Should that endpoint become compromised, an attacker would have no way of telling which indicators are real, and which ones point to all the fake servers, clients, communication devices or services. Deception clients can even be configured to look like devices within specific industries, like medical scanners within health care.

The real beauty of a deception platform is that it does not touch valid users at all. Real users don’t scan directories looking for clues about which network drive, database or email client to use. They simply do their jobs however they have been told to, using whatever shortcuts and services their IT department provided. Attackers aren’t so lucky. Sneaking through a network and trying to avoid detection renders them essentially blind, so they must search for clues and indicators—which a valid user would never see—about where to go next. Because of that, valid users never even know about deception clients. Whenever anybody touches one, it’s almost a 100-percent certainty that an attack is underway.

Once an attacker has been tricked by the deceptive indicators into interacting with a fake asset, a deception platform can take several actions. It can capture forensic data from the attacker, alert a SIEM, or try keep the attackers engaged with the fake asset as long as possible. It might even immediately boot them, though that would probably unmask the deceptive asset too quickly to collect any useful threat intelligence.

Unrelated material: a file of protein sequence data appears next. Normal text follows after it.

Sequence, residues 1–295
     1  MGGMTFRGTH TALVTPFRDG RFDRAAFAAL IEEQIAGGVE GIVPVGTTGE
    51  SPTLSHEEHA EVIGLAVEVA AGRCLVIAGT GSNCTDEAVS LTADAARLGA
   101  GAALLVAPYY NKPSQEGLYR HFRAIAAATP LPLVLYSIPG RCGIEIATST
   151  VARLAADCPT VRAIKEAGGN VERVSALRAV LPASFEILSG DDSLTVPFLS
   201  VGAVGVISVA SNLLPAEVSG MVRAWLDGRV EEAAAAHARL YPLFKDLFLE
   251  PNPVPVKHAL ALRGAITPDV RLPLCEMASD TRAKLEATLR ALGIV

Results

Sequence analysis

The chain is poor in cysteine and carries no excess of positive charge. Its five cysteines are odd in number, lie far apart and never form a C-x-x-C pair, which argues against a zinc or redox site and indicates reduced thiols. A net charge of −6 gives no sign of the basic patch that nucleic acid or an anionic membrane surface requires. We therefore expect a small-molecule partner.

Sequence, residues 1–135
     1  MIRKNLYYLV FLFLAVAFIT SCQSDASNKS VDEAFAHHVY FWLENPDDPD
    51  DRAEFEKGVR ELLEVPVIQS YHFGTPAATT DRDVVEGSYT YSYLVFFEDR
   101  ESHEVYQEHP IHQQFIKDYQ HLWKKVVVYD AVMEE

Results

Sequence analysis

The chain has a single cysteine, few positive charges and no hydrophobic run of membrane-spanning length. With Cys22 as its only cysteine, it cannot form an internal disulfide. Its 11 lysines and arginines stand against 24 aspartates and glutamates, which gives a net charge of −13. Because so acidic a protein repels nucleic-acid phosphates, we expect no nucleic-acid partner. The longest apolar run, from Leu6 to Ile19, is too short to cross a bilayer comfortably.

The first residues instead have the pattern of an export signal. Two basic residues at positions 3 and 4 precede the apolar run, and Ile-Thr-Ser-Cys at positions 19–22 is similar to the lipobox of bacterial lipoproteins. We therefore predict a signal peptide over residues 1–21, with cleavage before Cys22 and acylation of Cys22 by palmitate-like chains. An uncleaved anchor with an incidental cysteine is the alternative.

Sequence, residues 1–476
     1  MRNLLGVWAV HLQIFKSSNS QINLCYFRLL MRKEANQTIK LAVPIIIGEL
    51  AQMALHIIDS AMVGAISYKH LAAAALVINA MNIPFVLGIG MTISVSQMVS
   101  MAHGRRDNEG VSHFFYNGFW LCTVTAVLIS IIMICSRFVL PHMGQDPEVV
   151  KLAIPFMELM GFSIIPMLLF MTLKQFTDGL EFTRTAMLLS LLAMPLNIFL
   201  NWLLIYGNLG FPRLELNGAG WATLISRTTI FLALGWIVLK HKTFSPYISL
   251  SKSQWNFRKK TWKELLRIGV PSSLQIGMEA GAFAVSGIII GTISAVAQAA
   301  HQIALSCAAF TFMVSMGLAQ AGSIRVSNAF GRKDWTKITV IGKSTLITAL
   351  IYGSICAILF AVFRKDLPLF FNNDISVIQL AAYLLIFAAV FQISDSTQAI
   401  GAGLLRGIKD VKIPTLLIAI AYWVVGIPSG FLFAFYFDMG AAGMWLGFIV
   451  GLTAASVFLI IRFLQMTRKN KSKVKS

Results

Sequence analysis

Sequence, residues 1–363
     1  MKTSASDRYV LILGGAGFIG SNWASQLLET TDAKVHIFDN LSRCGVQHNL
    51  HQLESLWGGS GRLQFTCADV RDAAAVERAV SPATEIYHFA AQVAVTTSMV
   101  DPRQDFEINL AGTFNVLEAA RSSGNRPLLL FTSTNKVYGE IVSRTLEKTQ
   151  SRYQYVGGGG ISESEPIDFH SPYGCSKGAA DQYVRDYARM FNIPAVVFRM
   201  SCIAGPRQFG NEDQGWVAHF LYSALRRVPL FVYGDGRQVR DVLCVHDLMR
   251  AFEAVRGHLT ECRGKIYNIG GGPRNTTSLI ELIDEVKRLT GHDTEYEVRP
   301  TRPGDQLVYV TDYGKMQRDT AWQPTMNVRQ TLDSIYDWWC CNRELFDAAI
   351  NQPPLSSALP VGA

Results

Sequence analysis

I don’t know of any federal agencies using deception to trick attackers, but the technology has proven itself elsewhere. At the very end of the French election cycle, there was a massive cyberattack made against then-candidate Emmanuel Macron. But because a deception platform was in place, not only were the attackers thwarted, defenses were created to prevent them from using their tools and techniques against future elections.

Most of us were raised to believe it’s always best to tell the truth. But there is no reason why we shouldn’t lie to those who attack our networks. Rerouting attackers to fake assets where they waste their time, and where defenders can collect a lot of forensic data about their adversaries, makes a lot of sense now that the technology is up to speed. Especially as there is no impact for valid users, deploying deception becomes like that famous quote from the "Bonfire of the Vanities" novel, “If the truth won’t set you free, then lie.”